Growing up with a pet is beneficial to children in many ways. They learn about relationships, compassion, nurturing, loyalty, understanding and a respect for life. Studies indicate that a child who loves and has respect for animals become better adults in the area of love and compassion. They develop a sense of responsibility and connection with nature; kids with dogs spend more time outdoors running, playing, walking/exercising their dogs. Dogs can build self-esteem and social skills in children, improve impulse control and many times can calm a child that is agitated or out of control better than an adult can. Children that have pets are better at handling stress, have less anxiety and more patience in dealing with others. Dogs are non-judgmental; children will confide in their dogs, confident their secrets will not be revealed. Having a dog gives families things to do together like walk/exercise the dog and helps form a common bond – love for the dog. Growing up with pets lowers the incidence of allergies and asthma, eczema and builds stronger immune systems. Pets teach children lifes lessons – love, friendship, and sometimes, grief. Through it all, many consider their dog their best friend.

Get Ready!

If your dog has never been around babies before, imagine the stress he will be under. New smells, new schedule, new rules, etc. Start now to prepare him for the baby’s arrival.

• Obedience Training: attend a class now if you haven’t already or ‘firm-up’ skills they already know.

• Work on behavior issues now, not the day before you bring the new baby home from the hospital

• Familiarize your dog to baby sounds and smells: You can even download recordings of baby cries here. Read more: wearefamilysa.com: Preparation/SoundsSmells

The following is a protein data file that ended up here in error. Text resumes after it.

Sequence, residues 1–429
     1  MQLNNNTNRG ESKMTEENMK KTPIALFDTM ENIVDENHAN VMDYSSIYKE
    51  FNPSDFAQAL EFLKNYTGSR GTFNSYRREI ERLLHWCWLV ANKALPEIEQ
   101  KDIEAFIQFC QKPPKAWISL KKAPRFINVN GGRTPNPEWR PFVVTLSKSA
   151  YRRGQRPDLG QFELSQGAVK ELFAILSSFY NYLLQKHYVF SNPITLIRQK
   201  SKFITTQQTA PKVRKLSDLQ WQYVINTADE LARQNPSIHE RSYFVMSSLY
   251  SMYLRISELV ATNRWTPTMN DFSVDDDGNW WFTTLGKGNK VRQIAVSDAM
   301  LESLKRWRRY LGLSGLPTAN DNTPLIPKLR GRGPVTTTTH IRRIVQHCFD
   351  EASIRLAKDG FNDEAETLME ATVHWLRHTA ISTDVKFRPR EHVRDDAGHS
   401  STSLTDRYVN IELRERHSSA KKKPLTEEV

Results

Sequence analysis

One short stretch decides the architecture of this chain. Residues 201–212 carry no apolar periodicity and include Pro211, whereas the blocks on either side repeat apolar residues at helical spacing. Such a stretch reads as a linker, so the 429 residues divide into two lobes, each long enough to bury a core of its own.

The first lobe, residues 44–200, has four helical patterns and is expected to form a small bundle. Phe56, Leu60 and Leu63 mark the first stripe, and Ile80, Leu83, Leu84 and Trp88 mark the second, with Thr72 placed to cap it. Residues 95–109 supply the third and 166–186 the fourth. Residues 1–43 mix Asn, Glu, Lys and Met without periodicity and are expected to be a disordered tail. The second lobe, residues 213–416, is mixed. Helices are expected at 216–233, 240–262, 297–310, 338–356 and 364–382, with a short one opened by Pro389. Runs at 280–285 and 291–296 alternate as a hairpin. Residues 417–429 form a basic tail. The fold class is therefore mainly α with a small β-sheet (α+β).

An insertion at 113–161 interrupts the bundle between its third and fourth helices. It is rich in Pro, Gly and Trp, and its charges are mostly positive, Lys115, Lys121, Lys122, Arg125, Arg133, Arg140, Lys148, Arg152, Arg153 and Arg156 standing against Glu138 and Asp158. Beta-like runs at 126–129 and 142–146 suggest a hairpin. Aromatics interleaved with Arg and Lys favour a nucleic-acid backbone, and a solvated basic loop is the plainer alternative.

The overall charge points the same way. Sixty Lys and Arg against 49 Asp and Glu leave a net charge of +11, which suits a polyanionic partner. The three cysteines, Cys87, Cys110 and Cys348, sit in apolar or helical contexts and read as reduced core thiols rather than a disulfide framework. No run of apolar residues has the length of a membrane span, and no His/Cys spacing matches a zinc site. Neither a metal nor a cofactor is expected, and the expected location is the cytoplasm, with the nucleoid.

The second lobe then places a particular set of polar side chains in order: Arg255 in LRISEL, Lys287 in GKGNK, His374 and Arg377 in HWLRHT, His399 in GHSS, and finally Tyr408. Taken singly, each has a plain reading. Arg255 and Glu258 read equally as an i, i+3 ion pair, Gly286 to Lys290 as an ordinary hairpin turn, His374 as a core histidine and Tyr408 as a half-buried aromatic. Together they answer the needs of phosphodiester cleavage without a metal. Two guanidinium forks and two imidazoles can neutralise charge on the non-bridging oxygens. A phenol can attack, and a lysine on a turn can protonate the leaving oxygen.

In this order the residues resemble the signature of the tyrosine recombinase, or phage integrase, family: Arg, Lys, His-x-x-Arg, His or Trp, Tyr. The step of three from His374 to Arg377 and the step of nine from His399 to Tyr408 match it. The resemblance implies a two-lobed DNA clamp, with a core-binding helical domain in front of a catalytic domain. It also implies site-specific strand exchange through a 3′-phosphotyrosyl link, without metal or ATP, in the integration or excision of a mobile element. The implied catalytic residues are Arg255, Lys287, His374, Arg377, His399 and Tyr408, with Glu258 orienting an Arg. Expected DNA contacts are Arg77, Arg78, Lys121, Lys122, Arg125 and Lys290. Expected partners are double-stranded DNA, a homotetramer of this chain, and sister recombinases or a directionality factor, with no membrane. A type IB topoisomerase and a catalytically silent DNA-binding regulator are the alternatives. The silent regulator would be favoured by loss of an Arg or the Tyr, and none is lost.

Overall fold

• Familiarize your dog with baby “things”: like strollers and high chairs. Take him for a walk while you push the empty stroller, etc.

• Start altering your schedule now. This will minimize the risk of your dog associating the changes in his schedule with the baby, lessening the chance of resentment. http://www.wearefamilysa.com.au/WeAreFamily/Preparation/tabid/56/Default.aspx

• Follow proper introduction techniques:

• Be responsible - ALWAYS supervise your dog near a baby or young child.

Recommended Reading:
Getting You Ready
Step-By-Step Guide from "Pregnancy to Preschool"

In addition to the wealth of online information, there are lots of other resources available to prepare you such as workshops, DVD’s, in-home consultations, etc.

More Links:





*According to American Temperament Test Society the American Pit Bull Terrier has a current passing rate of 86% -- compared to only 82.4% of the all breeds on average.

April 5, 2011

Featured Adopt-a-Bull: Sponge Bob

Sponge Bob is a loving, puppy-like 1 year old lab/pit mix with a joy for life unlike any that's ever been seen! Deaf since birth, the absence of sound is of no matter to this happy boy! A tap on his butt, or using your finger or arms to motion him to you does just the trick to get him to come when you need him! He is a graduate of Basic Obedience for Bully Breeds and responds well to hand signals. He absolutely adores other dogs and running around with them, so he would be happiest in a home with another dog to play with!

Featured Happy Ending: Alli

Alli, who was originally named Onyx when I adopted her, has been nothing but amazing!

I was in the Cary Towne Center Mall doing some misc. shopping and walked past a CCB event. Being a dog lover I figured I would stop it for a quick head pat and then go about my day. Little did I know Alli would be there, looking at me with her big beautiful eyes and wiggly butt. She is strong and has well defined muscles but carries that power with grace and a gentle touch even when excited.

She meshed with my family with ease,